Basic information about the nature of reading will be covered. Topics include word recognition, eye movements, inner speech, sentence processing, memory for text, learning to read, methods for teaching reading, reading disabilities and dyslexia, and speed reading. Prerequisites: Psychology 105 or Psychology 145 or consent of instructor.
129. Logic of Perception (4)
Lectures will cover three topics: 1) tradition of experimental work on perception that dates back to Hemholtz; 2) discussion and criticisms of theories of perception; 3) recent physiological work on the visual pathways that may give us insights into neural mechanisms underlying perception. Prerequisites: upper-division standing.
130. Delay of Gratification (4)
This course will review the research on delay of gratification. It will cover what makes it in general so tough, what situations make it possible, who can do it, and what the implications of this ability are. Prerequisites: upper-division standing.
132. Hormones and Behavior (4)
A survey of the effects of chemical signals (hormones, neurohormones and pheromones) on behavior as well as reciprocal effects of behavior on these chemical systems. Specific topics covered include aggression, sex and sexuality, feeding, learning, memory and mood. Animal studies will be emphasized. Prerequisites: Psychology 106 or consent of instructor.
133. Circadian Rhythms—Biological Clock (4)
Examples and fundamental properties of the daily biological clock in humans, animals and microbes. Experimental approaches employed to understand how organisms keep time and how this applies to human health. Prerequisites: Psychology 106 or BILD 1 or consent of instructor. This course is cross-listed with BIMM 116.
134. Eating Disorders (4)
This course will cover the biology and psychology of eating disorders such as anorexia nervosa, bulimia nervosa, and binge eating disorder. Abnormal, as well as normal eating will be discussed from various perspectives including endocrinological, neurobiological, psychological, sociological, and evolutionary. Prerequisites: upper-division standing.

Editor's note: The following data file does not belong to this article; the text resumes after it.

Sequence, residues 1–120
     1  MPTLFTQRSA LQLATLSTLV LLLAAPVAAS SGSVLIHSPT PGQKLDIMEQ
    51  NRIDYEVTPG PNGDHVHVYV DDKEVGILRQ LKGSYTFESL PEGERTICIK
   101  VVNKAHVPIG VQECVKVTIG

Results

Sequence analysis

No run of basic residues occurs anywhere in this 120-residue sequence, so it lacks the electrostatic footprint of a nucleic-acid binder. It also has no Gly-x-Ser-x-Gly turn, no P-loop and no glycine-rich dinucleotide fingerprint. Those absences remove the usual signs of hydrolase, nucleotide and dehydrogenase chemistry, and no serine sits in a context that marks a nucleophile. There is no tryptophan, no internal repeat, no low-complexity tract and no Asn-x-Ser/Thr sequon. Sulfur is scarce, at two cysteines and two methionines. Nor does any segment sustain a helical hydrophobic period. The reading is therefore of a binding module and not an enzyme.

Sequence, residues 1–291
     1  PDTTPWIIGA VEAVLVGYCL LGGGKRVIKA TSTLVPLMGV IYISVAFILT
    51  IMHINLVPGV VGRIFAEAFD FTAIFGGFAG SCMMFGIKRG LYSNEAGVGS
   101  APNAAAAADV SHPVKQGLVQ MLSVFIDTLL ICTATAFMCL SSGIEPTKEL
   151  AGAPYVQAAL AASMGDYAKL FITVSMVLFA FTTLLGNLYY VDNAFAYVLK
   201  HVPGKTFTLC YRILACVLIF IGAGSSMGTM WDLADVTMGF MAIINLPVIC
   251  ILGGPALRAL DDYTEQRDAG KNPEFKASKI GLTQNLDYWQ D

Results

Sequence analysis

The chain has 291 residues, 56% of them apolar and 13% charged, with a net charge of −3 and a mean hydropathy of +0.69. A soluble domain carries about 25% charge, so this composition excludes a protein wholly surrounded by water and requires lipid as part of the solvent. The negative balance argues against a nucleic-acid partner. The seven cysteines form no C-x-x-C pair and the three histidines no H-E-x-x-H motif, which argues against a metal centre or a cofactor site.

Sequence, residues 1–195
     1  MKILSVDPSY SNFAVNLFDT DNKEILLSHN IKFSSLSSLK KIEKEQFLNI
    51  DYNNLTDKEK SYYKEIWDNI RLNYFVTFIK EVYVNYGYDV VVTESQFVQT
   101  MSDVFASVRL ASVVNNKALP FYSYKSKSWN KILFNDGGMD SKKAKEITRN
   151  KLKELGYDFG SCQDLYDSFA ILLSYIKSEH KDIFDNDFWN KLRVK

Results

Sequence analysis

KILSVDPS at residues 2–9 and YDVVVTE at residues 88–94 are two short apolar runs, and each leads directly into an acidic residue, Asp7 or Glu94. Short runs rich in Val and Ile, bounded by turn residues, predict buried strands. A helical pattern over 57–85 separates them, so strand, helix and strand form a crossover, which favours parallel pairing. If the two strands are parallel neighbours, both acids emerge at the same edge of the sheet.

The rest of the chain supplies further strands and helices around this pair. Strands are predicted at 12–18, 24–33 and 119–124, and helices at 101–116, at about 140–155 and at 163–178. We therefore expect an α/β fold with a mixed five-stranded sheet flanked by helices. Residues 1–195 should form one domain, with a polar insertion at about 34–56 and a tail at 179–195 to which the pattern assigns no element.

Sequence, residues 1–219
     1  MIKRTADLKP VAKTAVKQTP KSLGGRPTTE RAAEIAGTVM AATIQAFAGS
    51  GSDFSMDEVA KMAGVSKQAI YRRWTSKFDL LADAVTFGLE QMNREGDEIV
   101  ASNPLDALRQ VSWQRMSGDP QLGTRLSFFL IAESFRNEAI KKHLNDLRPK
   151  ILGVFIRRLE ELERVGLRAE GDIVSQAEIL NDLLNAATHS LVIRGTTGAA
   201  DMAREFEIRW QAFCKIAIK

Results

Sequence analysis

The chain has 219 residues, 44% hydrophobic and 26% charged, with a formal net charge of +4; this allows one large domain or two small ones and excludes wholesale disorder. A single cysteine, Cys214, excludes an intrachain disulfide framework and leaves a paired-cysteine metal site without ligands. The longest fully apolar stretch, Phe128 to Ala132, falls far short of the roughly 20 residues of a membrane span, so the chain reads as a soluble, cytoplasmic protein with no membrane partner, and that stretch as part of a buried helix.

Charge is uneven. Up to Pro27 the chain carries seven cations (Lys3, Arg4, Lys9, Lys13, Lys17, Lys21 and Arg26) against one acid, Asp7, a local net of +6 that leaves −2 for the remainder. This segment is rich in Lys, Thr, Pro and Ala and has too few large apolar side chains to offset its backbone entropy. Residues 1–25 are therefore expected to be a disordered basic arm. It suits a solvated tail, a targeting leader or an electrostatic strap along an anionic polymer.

135. Animal Behavior (4)
Mechanisms that regulate the behavior of animals, including neural, endocrine, genetic, and environmental mechanisms, with a strong emphasis on evolution (natural and sexual selection). Topics include communication, sociality, mating strategies, and parental behavior. Prerequisites: upper-division standing and consent of instructor.
136. Cognitive Development (4)
This course examines the foundations and growth of the mind, discussing the development of perception, imagery, concept formation, memory, and thinking. Emphasis is placed on the representation of knowledge in infancy and early childhood. (Credit may not be received for both PSYC 136 and COGS 113.) Prerequisites: PSYC 101 or PSYC 105.
137. Social Cognition (4)
Social cognition blends cognitive and social psychology to show how people make sense of the social world. Social perception, inference, memory, motivation, and affect, understanding of the self, stereotypes, and cultural cognition. Prerequisites: upper-division standing.
138. Sound and Music Perception (4)
Topics include the physiology of the auditory system, perception and pitch, loudness and timbre, localization of sound in space, perception of melodic and temporal patterns, handedness correlates, and musical illusions and paradoxes. There will be a substantial number of sound demonstrations. Prerequisites: upper-division standing and consent of instructor.
139. Social Psychology of Sports (4)
This course focuses on the applications of social psychological principles and finding to the understanding of sports. Topics include the role of motivation, level of aspiration, competition, cooperation, social comparison, and optimal arousal, spectators’ perspective, motivation and perceptions of success, streaks, etc. Prerequisites: upper-division standing or consent of instructor.
140. Lab/Human Behavior (4)
Laboratory on the principles of human behavior, including choice behavior, self-control, and reasoning. Prerequisites: Psychology 120 (may be taken concurrently); upper-division standing.
141. Evolution and Human Nature (4)
Can important aspects of human behavior be explained as a result of natural selection? Focus on sex differences, selfishness and altruism, homicide and violence, and context effects in human reasoning. Prerequisites: upper-division standing and consent of instructor.
142. Psychology of Consciousness (4)
This course will survey research on consciousness from an experimental psychology perspective. Special emphasis will be placed on cognitive, neuroimaging, and clinical/psychiatric investigative techniques, and on the scientific assessment of the mind-body problem. Prerequisites: upper-division standing.
143. Control and Analysis of Human Behavior (4)
An overview of the behavioral approach including basic principles, self-control, clinical applications, and the design of cultures. Prerequisites: upper-division psychology majors.
144. Memory and Amnesia (4)
This course will review basic research into the nature of memory. It begins with an examination of historical milestones in the study of memory and then considers research concerned with contemporary models of memory and amnesia. Prerequisites: upper-division standing.